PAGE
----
Air marshals had over 200 firearm mishaps from 2005 to 2017: TSA records

Air marshals had over 200 firearm mishaps from 2005 to 2017: TSA records
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Federal air marshals have been accused of misusing firearms or committing misbehavior with guns more than 200 times over a 12-year period ending in 2017, Transportation Security Administration documents say.

According to documents produced by the agency's Office of Inspection that were obtained by CNN, more than 200 incidents occurred between 2005 and 2017 in which agents committed a variety of offenses ranging from improper weapon storage to endangering public safety.

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In one instance, a federal air marshal staying in a hotel room accidentally discharged a loaded service weapon, which damaged a television set in a neighboring room. There were 18 other cases that also involved the improper firing of weapons, according to CNN.

In one case last year, an air marshal stationed in Charlotte, N.C., discharged his "personally-owned" weapon and injured himself in the foot, according to the report.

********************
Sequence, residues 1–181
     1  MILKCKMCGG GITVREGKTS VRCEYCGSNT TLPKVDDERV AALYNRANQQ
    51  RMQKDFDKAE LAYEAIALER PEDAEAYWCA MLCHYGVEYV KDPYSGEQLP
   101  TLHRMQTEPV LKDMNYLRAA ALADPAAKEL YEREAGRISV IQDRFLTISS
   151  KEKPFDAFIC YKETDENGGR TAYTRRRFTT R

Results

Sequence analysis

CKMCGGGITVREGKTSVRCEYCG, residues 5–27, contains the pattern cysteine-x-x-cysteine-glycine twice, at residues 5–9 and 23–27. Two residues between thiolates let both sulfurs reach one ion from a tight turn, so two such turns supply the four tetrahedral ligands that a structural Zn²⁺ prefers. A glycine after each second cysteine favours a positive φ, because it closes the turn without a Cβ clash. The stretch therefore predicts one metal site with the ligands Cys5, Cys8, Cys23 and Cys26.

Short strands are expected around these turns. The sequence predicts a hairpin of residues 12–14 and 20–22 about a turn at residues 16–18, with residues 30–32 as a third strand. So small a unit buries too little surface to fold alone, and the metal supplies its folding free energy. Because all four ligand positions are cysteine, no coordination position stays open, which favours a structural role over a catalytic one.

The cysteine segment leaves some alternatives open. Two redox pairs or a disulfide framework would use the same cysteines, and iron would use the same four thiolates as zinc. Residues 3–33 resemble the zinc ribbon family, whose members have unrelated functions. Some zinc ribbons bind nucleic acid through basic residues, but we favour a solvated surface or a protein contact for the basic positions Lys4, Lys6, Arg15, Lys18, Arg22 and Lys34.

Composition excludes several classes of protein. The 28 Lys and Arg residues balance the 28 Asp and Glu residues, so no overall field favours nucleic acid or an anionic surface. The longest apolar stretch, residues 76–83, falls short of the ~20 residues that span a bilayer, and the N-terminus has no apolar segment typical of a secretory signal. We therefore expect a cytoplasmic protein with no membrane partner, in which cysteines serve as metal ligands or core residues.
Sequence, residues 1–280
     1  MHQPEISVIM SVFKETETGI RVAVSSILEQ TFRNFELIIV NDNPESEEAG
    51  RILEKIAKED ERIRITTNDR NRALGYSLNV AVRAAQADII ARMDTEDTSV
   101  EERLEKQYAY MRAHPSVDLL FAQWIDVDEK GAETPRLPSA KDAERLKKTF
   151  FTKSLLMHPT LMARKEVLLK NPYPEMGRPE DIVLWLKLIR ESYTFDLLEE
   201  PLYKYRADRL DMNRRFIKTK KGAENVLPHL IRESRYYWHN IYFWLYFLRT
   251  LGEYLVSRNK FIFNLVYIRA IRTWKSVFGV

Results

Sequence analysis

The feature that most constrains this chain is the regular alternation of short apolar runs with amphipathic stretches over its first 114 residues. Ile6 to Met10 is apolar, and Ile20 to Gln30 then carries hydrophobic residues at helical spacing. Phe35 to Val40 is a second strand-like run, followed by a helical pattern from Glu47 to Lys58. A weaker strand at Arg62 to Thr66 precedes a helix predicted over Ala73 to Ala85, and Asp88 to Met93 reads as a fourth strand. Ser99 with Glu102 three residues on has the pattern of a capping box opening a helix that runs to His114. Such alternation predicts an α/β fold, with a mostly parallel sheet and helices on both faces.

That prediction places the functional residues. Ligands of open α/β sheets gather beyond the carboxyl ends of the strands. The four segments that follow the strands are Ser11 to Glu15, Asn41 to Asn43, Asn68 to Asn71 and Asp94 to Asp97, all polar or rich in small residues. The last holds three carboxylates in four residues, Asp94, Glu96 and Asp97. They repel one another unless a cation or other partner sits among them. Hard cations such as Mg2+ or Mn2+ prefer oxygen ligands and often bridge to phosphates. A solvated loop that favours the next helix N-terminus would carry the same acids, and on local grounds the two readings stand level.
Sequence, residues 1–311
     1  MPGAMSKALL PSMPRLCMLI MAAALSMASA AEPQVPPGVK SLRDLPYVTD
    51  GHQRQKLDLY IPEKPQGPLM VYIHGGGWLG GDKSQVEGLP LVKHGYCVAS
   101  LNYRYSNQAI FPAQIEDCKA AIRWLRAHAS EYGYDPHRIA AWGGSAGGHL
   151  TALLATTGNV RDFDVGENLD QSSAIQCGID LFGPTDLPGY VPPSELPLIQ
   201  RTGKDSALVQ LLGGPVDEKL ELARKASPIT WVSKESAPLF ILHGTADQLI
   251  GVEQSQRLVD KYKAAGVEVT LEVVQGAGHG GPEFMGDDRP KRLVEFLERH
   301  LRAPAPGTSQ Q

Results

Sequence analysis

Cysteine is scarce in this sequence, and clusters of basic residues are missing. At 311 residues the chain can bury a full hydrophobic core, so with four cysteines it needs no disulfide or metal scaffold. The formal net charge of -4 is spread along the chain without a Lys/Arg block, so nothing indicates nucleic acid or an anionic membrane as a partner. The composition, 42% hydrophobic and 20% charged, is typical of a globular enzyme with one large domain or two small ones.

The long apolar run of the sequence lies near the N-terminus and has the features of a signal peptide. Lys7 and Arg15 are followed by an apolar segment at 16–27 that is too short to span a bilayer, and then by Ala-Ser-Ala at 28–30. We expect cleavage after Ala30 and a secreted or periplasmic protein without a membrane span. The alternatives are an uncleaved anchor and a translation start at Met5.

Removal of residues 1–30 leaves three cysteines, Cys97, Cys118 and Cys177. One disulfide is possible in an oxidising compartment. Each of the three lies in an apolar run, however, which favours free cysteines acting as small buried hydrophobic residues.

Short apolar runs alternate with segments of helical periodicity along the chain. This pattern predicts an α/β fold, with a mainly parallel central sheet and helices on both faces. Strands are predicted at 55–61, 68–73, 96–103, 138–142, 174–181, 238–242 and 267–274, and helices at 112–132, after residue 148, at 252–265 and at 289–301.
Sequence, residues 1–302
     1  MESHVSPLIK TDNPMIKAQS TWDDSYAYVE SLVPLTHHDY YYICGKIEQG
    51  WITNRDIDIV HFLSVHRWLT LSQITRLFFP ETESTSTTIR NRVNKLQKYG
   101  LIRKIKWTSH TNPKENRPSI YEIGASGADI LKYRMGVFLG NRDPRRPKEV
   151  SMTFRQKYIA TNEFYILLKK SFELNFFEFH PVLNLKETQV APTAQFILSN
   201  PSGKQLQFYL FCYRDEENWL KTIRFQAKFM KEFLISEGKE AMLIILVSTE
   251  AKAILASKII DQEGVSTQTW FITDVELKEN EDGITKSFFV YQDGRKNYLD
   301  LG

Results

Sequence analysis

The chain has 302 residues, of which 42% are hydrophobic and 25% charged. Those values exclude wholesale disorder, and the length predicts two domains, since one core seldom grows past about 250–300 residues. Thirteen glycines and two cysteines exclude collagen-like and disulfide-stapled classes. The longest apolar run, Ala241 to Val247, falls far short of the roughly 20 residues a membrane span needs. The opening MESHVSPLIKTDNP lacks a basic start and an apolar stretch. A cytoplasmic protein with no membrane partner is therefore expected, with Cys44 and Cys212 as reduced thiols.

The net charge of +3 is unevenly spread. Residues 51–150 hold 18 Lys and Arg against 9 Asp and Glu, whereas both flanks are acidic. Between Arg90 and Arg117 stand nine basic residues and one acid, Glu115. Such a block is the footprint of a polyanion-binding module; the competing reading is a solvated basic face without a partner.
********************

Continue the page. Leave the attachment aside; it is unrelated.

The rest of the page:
More than a dozen incidents involved alcohol use, according to the news outlet, including one instance where an agent attended a firearms training session while under the influence.

Some instances involving improper storage of weapons led to police or civilians finding government-issued firearms, including one box of ammunition that was found by police in a school park. One firearm was reportedly left inside a Bed, Bath and Beyond store.

The report comes after a widely publicized incident last year in which a passenger found an air marshal's firearm in a Delta flight's bathroom. The agency was also forced to begin regularly checking to see whether armed agents showed up to shifts sober after reports of inebriated activity.

The TSA says it carries federal air marshals who receive extensive firearms training. In a statement, Thomas Kelly, a spokesman for the air marshals, said less than 1 percent of the air marshal workforce was involved in the cases.

"All reports of misconduct are taken seriously and fully investigated," Kelly said in an emailed statement. "When those investigations validate any misconduct, TSA takes swift disciplinary actions."

"The Federal Air Marshal Service (FAMS) addressed disciplinary matters on far less than one percent of the workforce, and we are proud of the thousands of highly skilled and trained Federal Air Marshals (FAMs) who keep our skies safe every day," Kelly added.

Updated Wednesday at 1:00 p.m.